To be agile means to be quick on your feet, ready to move at a fast pace if something comes before you. In the software world, Agile describes a set of principles and as well as a process for development under which requirements and solutions evolve through the collaborative effort of self-organizing cross-functional teams. In the last few months, we here at Lofty Labs have begun to implement a “kind of sort of” Agile process. By that I mean, we have realized that forcing process can sometimes create inefficiencies in itself. Honestly, I’m unsure of how a team would manage the multi-dimensional aspects involved in programing without some sort of process. At it’s core, Agile brings concrete systems to a generally nebulous task. It would be very difficult to think through everything that needs to be accomplished while at the same time focusing on the tasks at hand without some way to work together on the project as a team. Here at Lofty, we have a pretty laid back and fun culture so, we have had to find a balance between implementing a process and at the same time maintaining that same culture that makes us more productive and customer friendly in the long run.
“Are we an organization that blindly applies Agile or are we aware and in control of the factors that will influence our success?”
A core question that you should be asking yourself as you begin the Agile process is: “Are we an organization that blindly applies Agile or are we aware and in control of the factors that will influence our success?” From a project management perspective one of the most important aspects to start with (besides the organization’s culture) is to determine what will be the critical factors that will influence your success when using an Agile approach. Exercising awareness and control over the following factors will allow not only better decision-making when it comes to choosing the right project management methodology but also steering ongoing projects towards success. We are certainly still figuring that out, and we want to continually improve upon and build on the foundations of our process. Here are a few key lessons that we have learned along the way thus far:
Focus on a goal (a flexible goal)
Where do you want to go as a team? What needs to happen in the next month? The next six months? The next year? Sit down as a team and talk through these ideas, knowing that everything will most likely change. Without a goal, a team can become stagnant. This is the first step in taking on a big project and giving the team some direction.
Communication is key
Team feedback and continuous improvement is a major component in Agile project management. Agile projects are about courage in stepping up transparency and honesty. Improvement will never happen in the process if any member of the team does not feel comfortable with being honest with themselves and others. In many company cultures, employees have been conditioned through the years to hide information in order to avoid conflict. That is where developing a fun and open community driven company culture before the implementation of a new process can be a vital component of success.
Own the process, don’t let it own you
The process is never more important than customer or team needs. It is important to inspire an environment of continuous learning and open-mindedness that will enable the team to stay on track and make good decisions. Does your process allow you to make changes at a moment's notice based on weekly customer feedback? In our company culture, we are ingrained in flexibility. Sometimes a project doesn’t go the way that was originally planned, or sometimes, a customer needs to make a change. We consider this to be a large part of what makes our culture great. We never make the process more important than the ability to provide our customers with a product that makes the most sense for them.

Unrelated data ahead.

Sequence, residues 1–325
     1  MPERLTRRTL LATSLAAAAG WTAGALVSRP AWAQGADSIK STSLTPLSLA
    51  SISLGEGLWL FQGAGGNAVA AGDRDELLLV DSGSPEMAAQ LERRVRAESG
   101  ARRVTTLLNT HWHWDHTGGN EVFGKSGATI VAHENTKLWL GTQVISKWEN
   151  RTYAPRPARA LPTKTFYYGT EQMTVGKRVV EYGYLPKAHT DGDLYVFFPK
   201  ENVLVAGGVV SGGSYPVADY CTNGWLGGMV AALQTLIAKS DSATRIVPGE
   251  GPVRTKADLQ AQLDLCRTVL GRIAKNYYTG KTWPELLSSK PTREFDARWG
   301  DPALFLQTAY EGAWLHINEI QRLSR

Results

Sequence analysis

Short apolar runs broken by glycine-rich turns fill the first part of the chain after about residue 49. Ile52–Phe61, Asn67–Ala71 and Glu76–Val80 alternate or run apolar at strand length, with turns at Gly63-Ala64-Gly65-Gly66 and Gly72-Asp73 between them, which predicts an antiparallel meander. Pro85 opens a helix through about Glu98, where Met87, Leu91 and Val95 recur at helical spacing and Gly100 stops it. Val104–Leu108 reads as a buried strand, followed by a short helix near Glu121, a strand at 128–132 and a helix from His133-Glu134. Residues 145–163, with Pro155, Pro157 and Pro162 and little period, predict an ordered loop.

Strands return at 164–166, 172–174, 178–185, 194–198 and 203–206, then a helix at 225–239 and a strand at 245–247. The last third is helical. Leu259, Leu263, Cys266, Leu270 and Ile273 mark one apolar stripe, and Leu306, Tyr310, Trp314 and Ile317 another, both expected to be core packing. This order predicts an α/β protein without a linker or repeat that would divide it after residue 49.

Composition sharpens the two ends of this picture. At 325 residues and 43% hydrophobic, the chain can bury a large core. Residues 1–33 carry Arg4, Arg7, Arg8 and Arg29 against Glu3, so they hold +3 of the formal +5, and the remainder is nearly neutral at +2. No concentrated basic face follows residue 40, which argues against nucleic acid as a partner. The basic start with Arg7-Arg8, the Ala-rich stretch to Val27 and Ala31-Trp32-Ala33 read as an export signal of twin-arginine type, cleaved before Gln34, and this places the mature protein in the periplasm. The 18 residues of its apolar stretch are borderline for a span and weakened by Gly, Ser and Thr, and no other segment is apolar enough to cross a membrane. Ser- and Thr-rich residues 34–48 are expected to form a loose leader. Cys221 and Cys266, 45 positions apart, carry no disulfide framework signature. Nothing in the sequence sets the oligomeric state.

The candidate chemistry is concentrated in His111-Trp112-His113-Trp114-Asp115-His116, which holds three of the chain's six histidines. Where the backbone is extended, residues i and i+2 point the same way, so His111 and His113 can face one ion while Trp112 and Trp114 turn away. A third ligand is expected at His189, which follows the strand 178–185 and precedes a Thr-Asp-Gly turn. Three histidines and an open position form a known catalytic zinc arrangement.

Be okay with ambiguity
User stories allow us to capture the features that we want to implement, while deferring the specifics of how to implement them until we’re actually ready to build them. Once we’re ready, we’ll likely have some of the application built out so that it’s clearer in terms of what the new features should look like. In the long run, this could cause the problem of building everything out and having to go back to rework a few things, but it also gives us the opportunity to really figure out what we need from each feature and where we should go from there. This can assist in preventing the lack of motivation that can come from being overwhelmed in looking at the project as a whole; it provides your team with a direction to go right here and right now.
It’s okay to fail
What’s important is that you take each failure as an opportunity to learn and self-correct. Being okay with failure will allow your team to openly discuss ways to fix the smaller problems before they can escalate into larger problems. Open dialog about failures can provide a detailed insight into how to move forward and make the best decisions for your customer. It's also important to remember failure does not lay on the back of one member of the team.
All in all, and I think that our team would agree, the Agile process has improved our team and customer communication. However, we look at Agile as less of a guideline full of rules and more of a book of wisdom that we can draw from and use to make decisions that make the most sense for our business. Agile has also provided us with insight into who we are as a team and our own capabilities, giving us increased confidence in our offering, more calculated proposal timelines, and an undeniable team cohesiveness that ultimately brings value to our customers.